400PortraNC and blue skies

Discussion in 'Color: Film, Paper, and Chemistry' started by Bruce Watson, Sep 20, 2007.

  1. Bruce Watson

    Bruce Watson Member

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    I've got a sheet of 5x4 Portra NC that's giving me a little trouble. Nothing I can't handle, but I'm curious if this is normal for this film and if it is, what is normally done to correct it at exposure time.

    The image is a late fall / early winter scene of fall color with snow and some blue sky showing through the clouds. When I balance everything to get the snow and clouds white, everything else falls in line with the single exception of the blue sky. That is, the whites are white, the grays are gray, the greens and yellows and reds are all fine. The sky blue becomes cyan however, which is somewhat disturbing. No filters used during the exposure.

    Is this normal for this film? I don't have a lot of experience with it because it's so expensive. I will say that it's tack sharp and hardly any more grainy than 160PortraVC. But why the oddball color balance problem?
     
  2. Photo Engineer

    Photo Engineer Subscriber

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    What paper are you printing on?

    PE
     
  3. Bruce Watson

    Bruce Watson Member

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    I knew someone would ask. I didn't want to say because it's bound to make someone here mad, but here goes. I'm drum scanning the film. But in my defense I *am* using film!

    But this raises a good point. I can hop down to the prolab that developed the film and have them make an 10x8 for me - they still do color enlarger prints. That'll tell me whether it's the film or the scan... maybe.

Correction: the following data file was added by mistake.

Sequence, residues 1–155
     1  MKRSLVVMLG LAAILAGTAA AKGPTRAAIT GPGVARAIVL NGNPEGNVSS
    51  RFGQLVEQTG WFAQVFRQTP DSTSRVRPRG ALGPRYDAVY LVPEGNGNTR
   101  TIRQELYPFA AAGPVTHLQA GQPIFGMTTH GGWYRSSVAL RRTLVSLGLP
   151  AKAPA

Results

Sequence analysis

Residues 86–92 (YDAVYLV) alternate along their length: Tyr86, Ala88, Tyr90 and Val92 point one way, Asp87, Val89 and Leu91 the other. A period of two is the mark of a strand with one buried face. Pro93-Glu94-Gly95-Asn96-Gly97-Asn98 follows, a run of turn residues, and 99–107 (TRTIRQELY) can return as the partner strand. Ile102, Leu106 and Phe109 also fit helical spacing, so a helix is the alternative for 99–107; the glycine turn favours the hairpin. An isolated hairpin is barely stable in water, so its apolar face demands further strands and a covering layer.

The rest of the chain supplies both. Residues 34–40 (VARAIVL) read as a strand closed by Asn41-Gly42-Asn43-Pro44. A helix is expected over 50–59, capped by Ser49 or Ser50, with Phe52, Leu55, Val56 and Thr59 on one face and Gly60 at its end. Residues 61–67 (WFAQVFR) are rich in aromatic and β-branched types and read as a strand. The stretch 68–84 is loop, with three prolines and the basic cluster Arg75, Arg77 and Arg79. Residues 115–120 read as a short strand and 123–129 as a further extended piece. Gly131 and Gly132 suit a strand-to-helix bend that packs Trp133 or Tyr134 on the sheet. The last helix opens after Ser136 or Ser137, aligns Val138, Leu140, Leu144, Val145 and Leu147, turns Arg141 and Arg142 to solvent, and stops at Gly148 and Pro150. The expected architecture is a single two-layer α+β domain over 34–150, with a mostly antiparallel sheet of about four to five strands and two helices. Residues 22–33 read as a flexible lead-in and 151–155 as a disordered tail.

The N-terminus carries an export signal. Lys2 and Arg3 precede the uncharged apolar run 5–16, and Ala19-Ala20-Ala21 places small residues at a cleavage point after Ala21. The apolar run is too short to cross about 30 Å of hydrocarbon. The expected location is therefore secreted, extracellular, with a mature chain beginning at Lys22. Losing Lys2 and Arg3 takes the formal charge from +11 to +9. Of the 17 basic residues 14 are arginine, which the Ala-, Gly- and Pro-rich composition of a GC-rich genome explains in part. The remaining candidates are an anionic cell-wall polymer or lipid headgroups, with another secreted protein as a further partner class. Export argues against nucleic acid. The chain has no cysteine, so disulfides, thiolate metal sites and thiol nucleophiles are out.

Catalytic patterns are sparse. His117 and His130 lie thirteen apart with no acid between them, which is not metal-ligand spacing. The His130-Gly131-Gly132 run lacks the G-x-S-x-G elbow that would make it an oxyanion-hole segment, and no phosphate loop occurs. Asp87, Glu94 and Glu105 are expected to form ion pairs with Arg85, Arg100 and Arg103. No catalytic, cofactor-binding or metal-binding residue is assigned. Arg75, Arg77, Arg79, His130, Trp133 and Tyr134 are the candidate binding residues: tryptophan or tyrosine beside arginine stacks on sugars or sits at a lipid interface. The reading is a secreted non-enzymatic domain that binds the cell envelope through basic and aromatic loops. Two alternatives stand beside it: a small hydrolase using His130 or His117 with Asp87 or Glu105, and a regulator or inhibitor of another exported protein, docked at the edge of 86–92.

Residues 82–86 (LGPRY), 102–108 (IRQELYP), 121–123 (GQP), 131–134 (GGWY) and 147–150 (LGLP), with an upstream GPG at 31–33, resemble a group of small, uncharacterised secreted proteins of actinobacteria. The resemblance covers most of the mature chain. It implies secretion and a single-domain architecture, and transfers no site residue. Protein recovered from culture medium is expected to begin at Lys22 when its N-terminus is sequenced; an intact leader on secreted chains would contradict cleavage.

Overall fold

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  4. Photo Engineer

    Photo Engineer Subscriber

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    Bruce;

    We used to use the KS Paul drum scanner at EK for scans to compute the matrix for correction in the film. There is no shame in that. The film should not have that level of crossover, so it may be the scan.

    I know that Fuji paper sometimes prints Kodak films less well than Kodak paper prints Kodak or Fuji film. This is due to the sensitivities of the 3 layers in the Kodak paper.

    PE
     
  5. Bruce Watson

    Bruce Watson Member

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    I'm not ruling the scanner out yet. But I'm confused as to what would cause a color change in just the sky. It's not an overall color cast which is what I'd expect if the scanner's blue channel, for example, was out of calibration. If that was the case, I'd expect to see a similar shift in greens toward yellow-green maybe. But the evergreen trees in the photograph remain a blue-green like they are supposed to be. Which is why I'm asking about the film.

    But in truth I don't have any clear idea how to induce this kind of thing. I don't see how the film could do it. I don't see how the scanner could do it either. Which is why I'm asking questions.
     
  6. Photo Engineer

    Photo Engineer Subscriber

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    Either could do it by creating crossover, where one layer crosses over the other. Bad film, bad process or bad scan.

    PE
     
  7. copake_ham

    copake_ham Inactive

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    If you just scan the negative into a file and view it via software - do you still see a cyan sky?

    Why not upload the pic scanned from the negative here and let's see what we see?
     
  8. Bruce Watson

    Bruce Watson Member

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    I don't want to post it because in my experience with severe downsizing and converting to very small working spaces (sRGB), then converting to jpeg, blue skys are among the first things to color shift. In other words, you wouldn't likely see anything amiss in the tiny bit of information that would be left for you to see.